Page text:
The Berean Expositor
Volume 38 - Page 232 of 249
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No.45.  Demas, Titus, Luke, Mark.  Those who leave,
those who abide and those who arrive (4: 9 - 22).
The Closing hours of a devoted life.
pp. 26 - 29
The reader will remember that the very fact that Paul said nothing about Demas in
Col. 4:, was an indication that he could not say anything good.
We are told why Demas forsook Paul, he "loved this present world". Why he went to
Thessalonica we can only conjecture. The apostle tells us that he had sent Tychicus to
Ephesus (II Tim. 4: 12) and that he had left Trophimus at Miletus sick. These are
therefore accounted for. We have a sinking at heart however when we read straight on
from the betrayal of Demas, without comment or qualification. "Crescens to Galatia,
Titus unto Dalmatia" (II Tim. 4: 10). The verb that one naturally supplies is the word
used of Demas who "departed" to Thessalonica.
Demas "departed" to Thessalonica,
Crescens "departed" to Galatia,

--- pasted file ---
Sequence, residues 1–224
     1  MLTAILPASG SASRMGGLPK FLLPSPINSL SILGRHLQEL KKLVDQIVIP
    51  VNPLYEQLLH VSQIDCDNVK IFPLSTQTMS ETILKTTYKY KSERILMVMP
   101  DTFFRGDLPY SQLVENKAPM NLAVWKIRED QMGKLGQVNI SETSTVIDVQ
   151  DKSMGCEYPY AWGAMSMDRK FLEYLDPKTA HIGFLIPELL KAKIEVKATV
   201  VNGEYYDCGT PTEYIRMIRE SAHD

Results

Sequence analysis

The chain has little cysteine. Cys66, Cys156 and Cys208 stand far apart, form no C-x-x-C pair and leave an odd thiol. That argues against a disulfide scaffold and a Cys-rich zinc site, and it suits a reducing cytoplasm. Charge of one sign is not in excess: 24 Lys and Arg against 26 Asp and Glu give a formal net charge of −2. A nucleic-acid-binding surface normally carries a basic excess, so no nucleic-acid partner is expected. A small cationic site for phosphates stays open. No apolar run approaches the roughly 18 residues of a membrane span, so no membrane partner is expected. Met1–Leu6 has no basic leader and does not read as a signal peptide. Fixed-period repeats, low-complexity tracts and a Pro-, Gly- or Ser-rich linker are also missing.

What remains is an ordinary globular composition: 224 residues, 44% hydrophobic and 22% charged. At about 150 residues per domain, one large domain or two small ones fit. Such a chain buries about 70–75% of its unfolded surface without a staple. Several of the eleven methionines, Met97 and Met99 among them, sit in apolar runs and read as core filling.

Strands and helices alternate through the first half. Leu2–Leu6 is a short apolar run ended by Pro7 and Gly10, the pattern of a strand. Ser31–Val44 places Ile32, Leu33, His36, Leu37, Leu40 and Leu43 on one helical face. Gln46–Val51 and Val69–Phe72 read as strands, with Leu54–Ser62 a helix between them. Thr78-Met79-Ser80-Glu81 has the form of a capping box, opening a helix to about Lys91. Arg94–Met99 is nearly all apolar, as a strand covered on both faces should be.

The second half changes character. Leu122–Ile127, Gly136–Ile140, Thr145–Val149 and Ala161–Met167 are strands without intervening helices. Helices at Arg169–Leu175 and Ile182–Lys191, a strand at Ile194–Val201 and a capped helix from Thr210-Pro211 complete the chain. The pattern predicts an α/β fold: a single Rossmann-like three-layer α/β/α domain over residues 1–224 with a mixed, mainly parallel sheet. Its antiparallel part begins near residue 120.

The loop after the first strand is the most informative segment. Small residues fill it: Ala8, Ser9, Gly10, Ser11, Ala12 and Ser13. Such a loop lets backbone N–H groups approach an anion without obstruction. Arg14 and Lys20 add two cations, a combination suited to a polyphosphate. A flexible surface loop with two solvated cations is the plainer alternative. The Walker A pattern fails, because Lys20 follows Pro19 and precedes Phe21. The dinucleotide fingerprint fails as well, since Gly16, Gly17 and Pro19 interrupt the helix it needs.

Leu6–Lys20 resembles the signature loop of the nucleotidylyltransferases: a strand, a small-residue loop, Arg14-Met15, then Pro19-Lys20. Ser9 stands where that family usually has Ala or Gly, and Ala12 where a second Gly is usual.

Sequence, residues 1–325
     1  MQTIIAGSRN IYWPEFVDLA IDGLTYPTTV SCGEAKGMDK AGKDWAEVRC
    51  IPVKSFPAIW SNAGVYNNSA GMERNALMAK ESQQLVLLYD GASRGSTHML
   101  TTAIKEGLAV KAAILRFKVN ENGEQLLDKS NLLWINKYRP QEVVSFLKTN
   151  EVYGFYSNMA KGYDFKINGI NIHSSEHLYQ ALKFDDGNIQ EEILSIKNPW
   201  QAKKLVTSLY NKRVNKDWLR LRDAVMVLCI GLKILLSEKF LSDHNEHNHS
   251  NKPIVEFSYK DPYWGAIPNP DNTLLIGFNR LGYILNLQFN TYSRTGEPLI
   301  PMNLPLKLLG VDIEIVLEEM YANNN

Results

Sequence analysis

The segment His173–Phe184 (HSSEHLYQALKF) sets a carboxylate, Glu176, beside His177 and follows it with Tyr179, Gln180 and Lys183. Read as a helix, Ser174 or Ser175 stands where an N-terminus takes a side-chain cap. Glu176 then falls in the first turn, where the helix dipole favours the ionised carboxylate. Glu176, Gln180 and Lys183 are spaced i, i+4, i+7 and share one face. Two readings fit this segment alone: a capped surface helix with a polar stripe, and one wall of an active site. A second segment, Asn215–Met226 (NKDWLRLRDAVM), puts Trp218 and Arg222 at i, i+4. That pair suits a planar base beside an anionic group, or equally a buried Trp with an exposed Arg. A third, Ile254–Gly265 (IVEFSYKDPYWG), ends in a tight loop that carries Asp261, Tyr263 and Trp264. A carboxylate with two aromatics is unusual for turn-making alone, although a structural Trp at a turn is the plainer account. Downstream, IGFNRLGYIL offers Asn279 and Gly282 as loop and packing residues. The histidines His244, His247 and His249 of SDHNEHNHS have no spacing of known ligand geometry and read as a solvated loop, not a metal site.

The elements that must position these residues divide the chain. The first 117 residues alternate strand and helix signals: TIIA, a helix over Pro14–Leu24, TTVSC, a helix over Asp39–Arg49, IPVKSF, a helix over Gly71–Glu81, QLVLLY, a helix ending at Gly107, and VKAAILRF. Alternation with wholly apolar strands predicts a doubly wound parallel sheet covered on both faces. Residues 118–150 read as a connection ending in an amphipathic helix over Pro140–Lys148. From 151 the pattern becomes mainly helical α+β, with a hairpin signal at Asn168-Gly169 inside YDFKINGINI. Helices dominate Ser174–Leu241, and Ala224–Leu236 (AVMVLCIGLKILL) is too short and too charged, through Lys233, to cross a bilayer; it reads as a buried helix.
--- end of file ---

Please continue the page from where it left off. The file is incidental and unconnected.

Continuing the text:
Titus "departed" to Dalmatia.
We know nothing of Crescens, but Titus we do know. He had, the years before, been
summoned from Crete to join the apostle at Nicopolis (Titus 3: 12). Dalmatia lies North
of Nicopolis, and it may have been that Paul's determination to winter at Nicopolis was
cut short by the Roman authorities, and that Titus had continued on from Nicopolis to
Dalmatia, to complete the work in Illyricum which the apostle then knew that he himself
would never finish. Possibly Paul linked Demas and Titus together, not because they had
both forsaken him, but that for whatever reason, good or bad, he was deprived of their
fellowship and presence.
Demas had gone, so had Crescens, so had Titus. One after another had been called
upon to leave him. Sickness had claimed Trophimus, and for some unexplained reason
Erasmus abode at Corinth, where he had been Chamberlain (Rom. 16: 23).
"Only Luke is with me."
Paul was not only in deadly peril, but so also would all be who sought him out and
associated with him.
"Christianity had been pronounced a crime against the State, and an `outrage
against humanity'." (Tac. Ann.).
No longer did Paul enjoy the fellowship of friends as he had in the previous
imprisonment at Rome. He now suffered as a "malefactor". One by one his friends